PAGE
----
FRA drops hammer on CSXT

WASHINGTON -- CSX Transportation has received the lecture and warning it invited -- from the Federal Railroad Administration, which told CSXT CEO Michael Ward to clean up the carrier's bad acting with regard to intimidation and harassment of injured employees, and to do it pronto or face serious consequences.

Ward has been in denial that his officers and supervisors have created a system-wide chilling culture of harassment and intimation intended to discourage injured CSXT employees from reporting on-duty injuries or from receiving proper medical treatment -- and then retaliating against employees who reported injuries.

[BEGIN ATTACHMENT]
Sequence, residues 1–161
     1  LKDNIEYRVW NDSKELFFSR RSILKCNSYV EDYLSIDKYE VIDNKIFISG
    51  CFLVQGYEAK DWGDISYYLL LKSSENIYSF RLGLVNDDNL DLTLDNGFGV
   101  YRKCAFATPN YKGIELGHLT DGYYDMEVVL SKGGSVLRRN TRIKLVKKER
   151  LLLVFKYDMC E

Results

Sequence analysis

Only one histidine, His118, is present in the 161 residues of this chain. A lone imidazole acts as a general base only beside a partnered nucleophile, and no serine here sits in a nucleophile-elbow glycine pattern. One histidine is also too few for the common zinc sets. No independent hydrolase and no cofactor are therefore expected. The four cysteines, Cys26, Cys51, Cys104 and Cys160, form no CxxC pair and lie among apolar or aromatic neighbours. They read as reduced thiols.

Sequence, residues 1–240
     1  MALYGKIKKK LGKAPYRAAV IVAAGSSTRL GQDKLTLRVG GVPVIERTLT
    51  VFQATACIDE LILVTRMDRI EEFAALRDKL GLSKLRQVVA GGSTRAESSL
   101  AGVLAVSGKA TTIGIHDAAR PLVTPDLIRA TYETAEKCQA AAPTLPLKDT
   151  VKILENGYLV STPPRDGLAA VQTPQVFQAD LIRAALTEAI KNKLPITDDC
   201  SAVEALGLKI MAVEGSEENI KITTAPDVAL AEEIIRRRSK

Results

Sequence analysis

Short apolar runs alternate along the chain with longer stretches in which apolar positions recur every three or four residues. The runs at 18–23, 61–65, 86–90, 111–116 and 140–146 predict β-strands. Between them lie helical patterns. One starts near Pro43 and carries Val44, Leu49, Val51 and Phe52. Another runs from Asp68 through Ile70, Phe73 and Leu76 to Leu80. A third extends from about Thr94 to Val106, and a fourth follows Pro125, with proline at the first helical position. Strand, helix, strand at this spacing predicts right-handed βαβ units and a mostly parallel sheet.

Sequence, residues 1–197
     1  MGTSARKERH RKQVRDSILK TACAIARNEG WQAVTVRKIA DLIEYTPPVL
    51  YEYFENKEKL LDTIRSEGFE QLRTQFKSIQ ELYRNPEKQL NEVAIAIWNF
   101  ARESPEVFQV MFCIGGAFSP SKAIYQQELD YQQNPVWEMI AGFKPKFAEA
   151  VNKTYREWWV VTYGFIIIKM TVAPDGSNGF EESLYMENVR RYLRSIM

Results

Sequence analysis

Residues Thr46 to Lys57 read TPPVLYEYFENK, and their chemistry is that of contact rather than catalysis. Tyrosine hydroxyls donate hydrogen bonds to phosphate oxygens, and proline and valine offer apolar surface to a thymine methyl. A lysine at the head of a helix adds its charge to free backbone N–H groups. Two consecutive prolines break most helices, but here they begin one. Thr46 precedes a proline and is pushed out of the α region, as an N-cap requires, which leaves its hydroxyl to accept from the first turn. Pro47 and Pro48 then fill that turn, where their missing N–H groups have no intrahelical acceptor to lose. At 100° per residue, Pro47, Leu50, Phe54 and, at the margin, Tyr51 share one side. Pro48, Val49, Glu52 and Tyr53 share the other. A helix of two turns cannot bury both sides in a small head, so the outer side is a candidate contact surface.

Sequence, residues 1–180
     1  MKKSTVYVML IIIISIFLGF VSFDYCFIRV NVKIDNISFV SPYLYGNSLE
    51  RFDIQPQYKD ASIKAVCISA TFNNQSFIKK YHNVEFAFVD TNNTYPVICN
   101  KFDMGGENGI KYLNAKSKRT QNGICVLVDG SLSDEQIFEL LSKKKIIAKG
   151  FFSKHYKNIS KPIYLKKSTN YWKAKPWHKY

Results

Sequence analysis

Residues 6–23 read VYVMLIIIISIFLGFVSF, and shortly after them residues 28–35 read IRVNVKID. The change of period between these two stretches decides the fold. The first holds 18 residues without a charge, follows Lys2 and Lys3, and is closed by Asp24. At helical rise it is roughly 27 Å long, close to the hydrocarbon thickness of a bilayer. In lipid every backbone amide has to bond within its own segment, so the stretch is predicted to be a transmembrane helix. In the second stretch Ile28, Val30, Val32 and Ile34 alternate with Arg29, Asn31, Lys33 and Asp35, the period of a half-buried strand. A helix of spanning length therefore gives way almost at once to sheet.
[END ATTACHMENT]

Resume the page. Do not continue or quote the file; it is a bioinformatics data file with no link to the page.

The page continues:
UTU general chairpersons, state legislative directors and the UTU National Legislative Office for years have been compiling evidence of such improper treatment of injured employees by CSXT, and sharing that evidence with FRA officials.

Between 2006 and early 2008, the FRA conducted more than 70 separate investigations that led the agency to conclude CSXT is a bad actor on a wide scale, and is guilty as UTU officials repeatedly charged.

On Jan. 16, the FRA had enough of CSXT’s hollow promises to reform.

In a three-page letter addressed to Ward, which reads much like an indictment, the FRA said "the evidence shows CSXT's response has been inadequate. In order to truly prevent any more instances of intimidation, CSXT must put forth a sustained good-faith effort to change its culture."

The letter carried a clear threat -- that the carrier must demonstrate dramatically changed behavior or face issuance by the FRA of a formal compliance order.